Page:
Although the northern part of Heritage Trail runs more or less parallel to Lacamas Creek, the creek isn’t visible at first because it’s obscured by dense woods. It’s evident, however, that water is nearby because the trail crosses a series of bridges over marshy wetlands where riparian wildlife abounds. During a family walk along the trail last month, we stopped on a bridge and looked through the clear ripples of tiny Dwyer Creek, where we spotted a salamander creeping along the sandy bottom. While traversing the trail a week ago, I heard the distinctive, throaty call of an American bittern among the reeds. (Bitterns are very shy and their striped feathers make them hard to spot in the tall grasses where they like to hide, but you can’t miss the deep honking sound, more froglike than birdlike.)

As the trail continues south, Lacamas Creek becomes occasionally visible on the left. It’s wide and slow here, flowing ever so gently into the north end of Lacamas Lake. During one walk, we saw kayakers paddling placidly in the stream and I longed to join them. I imagine this short, calm stretch of Lacamas Creek would make for excellent bird-watching from a boater’s vantage point — a spot to see kingfishers that sometimes swoop low over the water or red-winged blackbirds that perch on rushes and trill their soulful songs.

Our family walked the northern Heritage Trail in the fall and again in the early spring, although it was a bit muddy in parts and its well-shaded aspect can make it seem cold on cloudy days. In the summer, the path is dry and delightfully cool, with filtered sunlight reaching through the fir canopy and casting diamond-bright patterns on the duff-covered trail.

During the sunny months, woodland wildflowers line the path, such as tiny blue forget-me-nots and shiny yellow buttercups. Last week, I saw ripening salmonberries, pale pink wild roses (also called, less elegantly, swamp roses) and what looked like sweet william but may have been meadow phlox. I’m pretty sure I spied a bright orange jewelweed blossom, but I couldn’t get close enough to say for sure.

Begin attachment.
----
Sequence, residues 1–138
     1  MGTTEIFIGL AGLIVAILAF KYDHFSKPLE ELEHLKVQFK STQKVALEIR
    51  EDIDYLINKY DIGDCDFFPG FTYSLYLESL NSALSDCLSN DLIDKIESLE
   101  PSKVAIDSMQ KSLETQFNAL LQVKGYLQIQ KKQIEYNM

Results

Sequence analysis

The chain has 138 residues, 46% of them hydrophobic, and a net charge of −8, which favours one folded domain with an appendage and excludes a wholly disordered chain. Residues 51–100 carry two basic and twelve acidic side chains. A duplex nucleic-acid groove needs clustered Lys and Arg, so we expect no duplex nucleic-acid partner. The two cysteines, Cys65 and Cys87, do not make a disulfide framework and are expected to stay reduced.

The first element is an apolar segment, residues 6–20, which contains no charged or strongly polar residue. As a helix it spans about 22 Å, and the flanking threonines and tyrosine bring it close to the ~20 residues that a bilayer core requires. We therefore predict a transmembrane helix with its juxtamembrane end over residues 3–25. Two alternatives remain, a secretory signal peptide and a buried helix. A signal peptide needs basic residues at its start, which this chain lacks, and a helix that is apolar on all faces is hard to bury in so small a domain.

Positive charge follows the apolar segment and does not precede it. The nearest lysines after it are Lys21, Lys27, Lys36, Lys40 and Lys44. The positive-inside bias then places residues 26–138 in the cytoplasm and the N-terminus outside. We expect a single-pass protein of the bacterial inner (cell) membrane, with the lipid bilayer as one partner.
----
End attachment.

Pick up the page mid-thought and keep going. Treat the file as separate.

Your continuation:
IF YOU GO

What: Northern half of Lacamas Heritage Trail

Where: Trailhead off Northeast Goodwin Road with parking on Northwest Alexandra Lane

Length: 31/2 miles to Heritage Park at the southern end of Lacamas Lake, 7 miles out and back

Difficulty: Easy

If walking the northern portion of the Heritage Trail isn’t enough for you, just keep walking. In fact, a determined hiker could walk from Northwest Goodwin Road to Heritage Park, cross Northeast Everett Street using the new roundabout at Northwest Lake Road and get on the Round Lake Loop Trail, then veer off at the dam to follow Lacamas Creek past Pothole Falls and McEnry Bridge all the way to the southern trailhead on Northeast Third Avenue.

Better yet, exit the Lacamas Creek trail at St. Thomas Aquinas Catholic Church and take Northeast Fourth Avenue straight to the boutiques, eateries and galleries of downtown Camas.

Not a bad day’s work, if you’ve got a few hours and very strong legs. Even if you’ve only got an hour and fair-to-average legs, a stroll along the northern half of the Lacamas Heritage Trail will lift your spirits.

The trail’s ease and forested splendor will make you grateful to live in this green corner of America, where freedom can sometimes translate to a simple walk in the woods.

Support local journalism

Your tax-deductible donation to The Columbian’s Community Funded Journalism program will contribute to better local reporting on key issues, including homelessness, housing, transportation and the environment. Reporters will focus on narrative, investigative and data-driven storytelling.

Local journalism needs your help. It’s an essential part of a healthy community and a healthy democracy.

Community Funded Journalism logo
Loading...